Darren Sproles, RB, Kansas State: Rushed for 1,986 yards in K-State's Big 12 title season in 2003. Finished his four-year career with just under 5,000 rushing yards. Scored 44 touchdowns in his final three seasons and was fifth in Heisman voting in 2003. Also returned a punt for a touchdown in 2003 and averaged more than 27 yards on kick returns.

Dat Nguyen, LB, Texas A&M: Won All-Big 12 first-team honors three times, and was the league's Defensive Player of the Year in 1998, leading the Wrecking Crew to Texas A&M's only Big 12 title. Won the Bednarik Award and Lombardi Award that season. Made 51 consecutive starts and finished his career with 517 tackles, the only player in A&M history to lead the Aggies in tackles for four seasons.

Cedric Benson, RB, Texas: Won the Doak Walker Award as the nation's best running back in 2004 and was a two-time first-team All-Big 12 selection. His 5,540 career rushing yards are second all-time at Texas to only Ricky Williams.

Chase Daniel, QB, Missouri: Led Missouri to two Big 12 Championship games and helped the Tigers reach BCS No. 1 in 2007. Finished his career as the school's all-time leader in total offense. Threw for 12,515 yards and 101 touchdowns in three years as a starter. Finished fourth in Heisman voting in 2007.

Tommie Harris, DT, Oklahoma: One of the greatest freshmen in Big 12 history. Won the Lombardi Award in 2003 and earned All-Big 12 and All-American first team honors in 2002 and 2003.

Derrick Johnson, LB, Texas: Made the All-Big 12 first team three times and finished his career with 458 tackles, 69 tackles for loss, 11 forced fumbles (nine in 2004) and nine interceptions. Won the Butkus Award and Nagurski Trophy in 2004.

Michael Bishop, QB, Kansas State: Became a starter at K-State after a junior college national title. Finished second in the 1998 Heisman voting to Ricky Williams and helped K-State to an undefeated regular season. Was 22-3 as a starter and accounted for 5,715 yards of total offense and 59 total touchdowns.
Turnover is an annual tradition in college football, but with that, teams' strengths and weaknesses constantly shift, too. Today, we'll begin a look at the biggest strengths and weaknesses for each Big 12 team.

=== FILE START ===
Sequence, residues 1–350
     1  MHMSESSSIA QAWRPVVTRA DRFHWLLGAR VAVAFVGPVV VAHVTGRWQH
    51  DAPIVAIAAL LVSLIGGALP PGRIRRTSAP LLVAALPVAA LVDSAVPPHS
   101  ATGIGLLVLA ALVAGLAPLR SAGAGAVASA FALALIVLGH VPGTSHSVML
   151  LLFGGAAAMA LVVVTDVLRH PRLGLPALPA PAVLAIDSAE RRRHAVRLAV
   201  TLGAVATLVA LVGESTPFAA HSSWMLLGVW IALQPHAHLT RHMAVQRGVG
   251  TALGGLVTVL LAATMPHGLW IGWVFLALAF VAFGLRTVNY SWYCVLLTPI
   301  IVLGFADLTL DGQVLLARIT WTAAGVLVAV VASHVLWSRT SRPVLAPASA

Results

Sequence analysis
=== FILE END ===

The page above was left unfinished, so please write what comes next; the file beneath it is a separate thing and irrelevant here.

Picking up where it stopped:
Strongest position: Pass-catchers

I had to expand the position of strength to include tight ends, because to exclude Jace Amaro would be criminal. He and Eric Ward will be a strong 1-2 punch in the passing game next season, but there are a ton of options that give this unit lots of depth, too. Ward caught 82 passes for 1,053 yards and 12 touchdowns and will be the Red Raiders' first returning 1,000-yard receiver since Michael Crabtree in 2007-08. Darrin Moore is gone, but Amaro wouldn't have been far from 1,000 yards if he'd avoided a rib injury suffered in the sixth game of the season when he racked up 156 receiving yards and a score in a blowout win over West Virginia. Jakeem Grant and Javon Bell offer two more solid options at receiver, and ESPN 150 recruits Reginald Davis and Dominique Wheeler may make an impact after redshirting in 2012. Bradley Marquez should find more responsibility this year as well. This unit is solid from top to bottom, with lots of possible contributors, lots of targets with varying strengths who can help Michael Brewer grow into his new role as starting quarterback. That's nothing new at Texas Tech, and watching his offense take shape in 2013 will look pretty familiar for new coach Kliff Kingsbury.

Weakest position: Safety

Replacing Cody Davis, a four-year starter and the leader of the defense, is an unbelievably difficult task. D.J. Johnson is gone, too, leaving the Red Raiders without their top two tacklers and a big hole at the back of the defense. We saw how poor Tech's defense can look when the safety play is weak like in 2010 and 2011, but the unit grew up a bit this past season, and Davis and Johnson were two big reasons why. New coordinator Matt Wallerstedt will have a lot of youth to deal with back there, and Kevin Curtis will coach the position with the most turnover for Tech in 2013. It's anyone's guess as to who fills Davis' and Johnson's void, and reserve Chris Yeakey is gone, too. Sophomore J.J. Gaines should get a shot, but I wouldn't rule out a position change from a more experienced corner.